In the on-line magazine Commentary, the writer John Podhoretz has a beautiful tribute to his sister, Rachel Abrams, who died earlier this month of cancer. The article is worth reading in its entirety. One part I particularly enjoyed was a bit of poetry that Mr. Podhoretz shared from his sister Rachel. It seems that she was none too fond of a certain Washington writer, which she expertly dispatched in these few lines of poetry:
Oh blithersome couturier of wordifactious spewage,
Your loathsome predilection for effluxicating brewage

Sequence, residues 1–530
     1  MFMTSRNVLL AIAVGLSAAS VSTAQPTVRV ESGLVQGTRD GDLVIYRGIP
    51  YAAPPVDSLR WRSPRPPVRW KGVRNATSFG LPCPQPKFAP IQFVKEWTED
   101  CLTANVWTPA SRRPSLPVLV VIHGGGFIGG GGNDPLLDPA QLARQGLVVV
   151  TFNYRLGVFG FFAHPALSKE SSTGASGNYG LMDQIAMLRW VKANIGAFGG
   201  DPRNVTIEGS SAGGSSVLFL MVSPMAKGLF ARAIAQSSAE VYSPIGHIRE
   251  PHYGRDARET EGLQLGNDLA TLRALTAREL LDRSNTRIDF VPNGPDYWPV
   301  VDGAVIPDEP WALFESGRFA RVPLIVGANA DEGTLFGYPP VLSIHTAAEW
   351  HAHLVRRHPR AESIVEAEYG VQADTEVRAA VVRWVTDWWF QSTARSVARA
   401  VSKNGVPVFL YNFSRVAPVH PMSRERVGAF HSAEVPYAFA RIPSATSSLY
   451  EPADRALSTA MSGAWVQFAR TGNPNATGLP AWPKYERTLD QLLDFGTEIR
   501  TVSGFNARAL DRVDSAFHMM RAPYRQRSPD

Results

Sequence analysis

Has found its proper gallery in hurricanus sewage.
Oh odious splendiferatious tonguer of all piety,
Ambassador-at-very-large for platitudiniety,
Your prosody’s ontology’s all Sartric nullibiety.
It’s thus we say, with due respect, and many years’ assizing:St. Thomas says that one way you know an expert in a given activity is that he can make mistakes on purpose. The novice pianist hits the wrong key because he doesn't yet have the art mastered. When the virtuoso hits the wrong key, it's only because he is doing it on purpose. Moreover, the expert's ability to derivate creatively from the usual rules of note and meter to create an even more profound musical effect shows how truly talented he is. The same can be true for language. This woman was a virtuoso of the English language.
Oh, literary colporteur, the words of your devising
Appear to land upon the page without palpable revising.
The whole article is available here, and definitely worth a read. Requiescat in pace.